Would you comment, please, on the language in which Abu al-Mawardi wrote
and whether any
of his original publications are extant. If so please describe where they
can be viewed.

John Berg
The fact that in Mohammedan law every woman must belong to some man as his
absolute property - either as a child, a wife, or a concubine - must
delay the final extinction of slavery until the faith of Islam has
ceased to be a great power among men. --W. Churchill

"friend" <hurrah@xxxxxxxxxxx> wrote in message
> Abu al-Hasan Ali Ibn Muhammad Ibn Habib al-Mawardi was born at Basrah
> in 972 C.E. He was educated at first in Basrah where, after completion
> of his basic education, he learned Fiqh (Islamic jurisprudence) from
> the jurist Abu al-Wahid al-Simari. He then went to Baghdad for advanced
> studies under Sheikh Abd al-Hamid and Abdallah al-Baqi. His proficiency
> in jurisprudence Ethics, Political science and literature proved useful
> in securing a respectable career for him. After his initial appointment
> as Qadi (Judge), he was gradually promoted to higher offices, till he
> became the Chief Justice at Baghdad. The Abbasid Caliph al-Qaim bi Amr
> Allah appointed him as his roving ambassador and sent him to a number
> of countries as the head of special missions. In this capacity he
> played a key role in establishing harmonious relations between the
> declining Abbasid Caliphate and the rising powers of Buwahids and
> Seljukes. He was favoured with rich gifts and tributes by most Sultans
> of the time. He was still in Baghdad when it was taken over by
> Buwahids. Al-Mawardi died in 1058 C.E.
> Al-Mawardi was a great jurist, mohaddith, sociologist and an expert in
> Political Science. He was a jurist in the school of Fiqh and his book
> Al-Hawi on the principles of jurisprudence is held in high repute.
> His contribution in political science and sociology comprises a number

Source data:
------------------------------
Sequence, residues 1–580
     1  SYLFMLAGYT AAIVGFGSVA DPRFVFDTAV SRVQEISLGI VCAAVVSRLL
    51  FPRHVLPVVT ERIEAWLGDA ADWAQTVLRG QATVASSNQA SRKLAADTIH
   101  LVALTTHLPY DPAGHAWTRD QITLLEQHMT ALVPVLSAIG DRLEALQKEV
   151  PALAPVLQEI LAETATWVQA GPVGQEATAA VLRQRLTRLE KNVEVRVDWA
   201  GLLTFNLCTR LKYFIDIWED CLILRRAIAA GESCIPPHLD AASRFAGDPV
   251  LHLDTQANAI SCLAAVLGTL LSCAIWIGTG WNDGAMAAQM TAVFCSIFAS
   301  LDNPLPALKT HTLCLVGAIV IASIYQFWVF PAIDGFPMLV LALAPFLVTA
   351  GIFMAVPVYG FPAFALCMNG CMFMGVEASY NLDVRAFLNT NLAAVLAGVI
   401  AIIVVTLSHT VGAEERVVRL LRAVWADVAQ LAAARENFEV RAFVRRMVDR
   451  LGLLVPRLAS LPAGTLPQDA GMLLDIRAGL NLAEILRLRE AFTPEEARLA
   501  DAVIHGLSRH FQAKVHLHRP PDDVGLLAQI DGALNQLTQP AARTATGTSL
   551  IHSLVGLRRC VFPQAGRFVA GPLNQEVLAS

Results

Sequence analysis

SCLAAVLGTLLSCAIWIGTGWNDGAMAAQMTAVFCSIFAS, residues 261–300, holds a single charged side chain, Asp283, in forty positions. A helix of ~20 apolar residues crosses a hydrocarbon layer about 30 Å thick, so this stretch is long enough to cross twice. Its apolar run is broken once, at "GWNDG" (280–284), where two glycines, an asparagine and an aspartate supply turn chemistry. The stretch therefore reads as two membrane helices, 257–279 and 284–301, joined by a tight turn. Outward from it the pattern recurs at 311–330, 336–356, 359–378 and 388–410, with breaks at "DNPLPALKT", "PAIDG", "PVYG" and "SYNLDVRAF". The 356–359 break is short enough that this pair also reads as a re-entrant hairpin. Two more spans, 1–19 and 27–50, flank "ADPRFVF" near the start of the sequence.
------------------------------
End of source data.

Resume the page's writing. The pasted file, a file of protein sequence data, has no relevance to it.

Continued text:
> of monumental books, the most famous of which are Kitab al-Ahkam
> al-Sultania, Qanun al-Wazarah, and Kitab Nasihat al-Mulk. The books
> discuss the principles of political science, with special reference to
> the functions and duties of the caliphs, the chief minister, other
> ministers, relationships between various elements of public and
> govemment and measures to strengthen the government and ensure victory
> in war. Two of these books, al-Ahkam al-Sultania and Qanun al-Wazarah
> have been published and also translated into various languages. He is
> considered as being the author/supporter of the 'Doctrine of Necessity'
> in political science. He was thus in favour of a strong caliphate and
> discouraged unlimited powers delegated to the Governors, which tended
> to create chaos. On the other hand, he has laid down clear principles
> for election of the caliph and qualities of the voters, chief among
> which are attainment of a degree of intellectual level and purity of
> character.
> In ethics, he wrote Kitab Aadab al-Dunya wa al-Din, which became a
> widely popular book on the subject and is still read in some Islamic
> countries.
> Al-Mawardi has been considered as one of the most famous thinkers in
> political science in the middle ages. His original work influenced the
> development of this science, together with the science of sociology,
> which was further developed later on by Ibn Khaldun.